Before she pulls off, Barry asks her, "Hey do you know where there's an ice cream place in town?"
She gives us directions there and I smirk at Barry. He had been talking about a bowl of ice cream all day. "I like to have a goal to work towards" He says to me. Apparently it's enough motivation to get us there well ahead of the time our pit crew is to meet us at the Stateline RV park.
We finally reach more shade in town, which is just the overhang of a church. Some detail about it attracts the notice of Emmalyn and they guess what some part of the architecture is made of. I collapse onto the steps thankful for shade. But she continues on, her water is out, and she is overheated, so she makes a b-line for the gas station with its promise of cool drinks and air conditioning. I tell them that I'll catch up, because I just want to be in this shade for a bit; those 10 miles went by pretty quickly.
Genie stays back with me to keep the buddy system. I regain enough energy to continue on. Merrill is indeed larger then Malin and while they have a larger community base, the town somehow feels less friendly.
When we all meet back up at the shop, we order our ice-cream. After a long walk in the heat, my cherry lime shake is particularly satisfying. As we relax in the shade, our conversation drifts from our observations of the town so far to whether or not it would be okay to take a nap under a tree.
When we finally head on, the road south out of town has a lot less traffic and is very pleasant. A corgi mixed with something else runs up to us cheerfully from a house on tiny little legs. The homestead also has one horse with twitchy flanks, which runs a circuit around its enclosure before going to the back corner to be around another horse. The little dog of patchy brown and white walks along beside us then squats down under the fence of the horse's pasture but continues to walk with us along the fence line.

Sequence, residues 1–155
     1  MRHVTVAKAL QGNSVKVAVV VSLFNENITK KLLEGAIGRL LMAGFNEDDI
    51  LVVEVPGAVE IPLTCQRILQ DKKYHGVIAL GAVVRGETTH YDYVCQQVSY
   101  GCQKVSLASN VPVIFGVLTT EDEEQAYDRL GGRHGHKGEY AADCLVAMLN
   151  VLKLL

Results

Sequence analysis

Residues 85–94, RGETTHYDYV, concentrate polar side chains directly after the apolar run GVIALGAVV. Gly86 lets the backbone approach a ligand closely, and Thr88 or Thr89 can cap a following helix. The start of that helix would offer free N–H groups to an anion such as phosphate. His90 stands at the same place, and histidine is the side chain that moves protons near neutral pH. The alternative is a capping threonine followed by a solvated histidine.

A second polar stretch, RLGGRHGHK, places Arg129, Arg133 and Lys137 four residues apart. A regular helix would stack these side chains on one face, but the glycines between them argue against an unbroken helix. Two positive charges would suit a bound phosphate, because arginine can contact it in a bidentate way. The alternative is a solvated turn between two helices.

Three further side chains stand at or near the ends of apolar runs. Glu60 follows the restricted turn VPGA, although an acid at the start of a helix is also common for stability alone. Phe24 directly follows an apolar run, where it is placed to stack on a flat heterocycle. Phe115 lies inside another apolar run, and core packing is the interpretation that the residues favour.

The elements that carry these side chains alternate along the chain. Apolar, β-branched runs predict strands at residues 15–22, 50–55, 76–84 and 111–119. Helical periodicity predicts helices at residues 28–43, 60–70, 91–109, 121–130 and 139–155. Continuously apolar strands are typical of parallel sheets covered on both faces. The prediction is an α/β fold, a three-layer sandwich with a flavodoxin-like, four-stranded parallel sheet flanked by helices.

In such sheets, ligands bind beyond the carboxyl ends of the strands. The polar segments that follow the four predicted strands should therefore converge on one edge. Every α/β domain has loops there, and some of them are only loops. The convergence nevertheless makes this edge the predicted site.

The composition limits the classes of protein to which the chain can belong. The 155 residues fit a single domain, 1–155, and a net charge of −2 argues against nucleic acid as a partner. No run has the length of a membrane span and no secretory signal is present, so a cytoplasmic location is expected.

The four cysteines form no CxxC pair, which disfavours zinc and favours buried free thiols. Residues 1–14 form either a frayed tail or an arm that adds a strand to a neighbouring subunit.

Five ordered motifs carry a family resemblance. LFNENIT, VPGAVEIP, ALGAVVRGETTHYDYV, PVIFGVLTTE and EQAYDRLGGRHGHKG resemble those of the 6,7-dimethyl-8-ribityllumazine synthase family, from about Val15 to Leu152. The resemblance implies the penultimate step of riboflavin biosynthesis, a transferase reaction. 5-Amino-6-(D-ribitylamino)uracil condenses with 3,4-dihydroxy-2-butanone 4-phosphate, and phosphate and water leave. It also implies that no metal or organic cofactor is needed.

Genie worries that the little dog is following us, and I don't believe her until we get to the end of the fence. Then the little dog pops out the other side, and happily lopes after us. "Oh I knew it!" Genie says. I drop my pack on the side of the road and clap my hands and coo at the puppy.
She runs towards me and I start back towards her house. I walk quickly and try to keep her attention because dogs get distracted by smells really easily. Her momma is all brown dog of indeterminate breed lying down peacefully in the shade of some bushes. She lifts her head as we approach and the little one yaps excitedly and runs over to her momma. She plops down and I tell her firmly to stay. I walk back to my pack and a mile and a half later we reach the camp spot.
When Alex and Dana arrive we all do a little bit to get dinner together. The plan, rice and stir fry, which Dana whips up masterfully operating the camp stove like a pro. My muscles ache and my feet shout at me everytime I step without care. When food is eaten a few people go off to see the woman who met us on the road. I can barely move, so I opt out, preferring a shower, and a final pack inventory, before they return.
The evening descends and bathes the Ruby Pipe slash in a hazy faded orange. Alex and Emmalyn are talking about the route and shadows from the camp light swing and dance on the wall of my tent. A low cloud hangs over the mountain, a red finger pointing accusingly at the mountainside.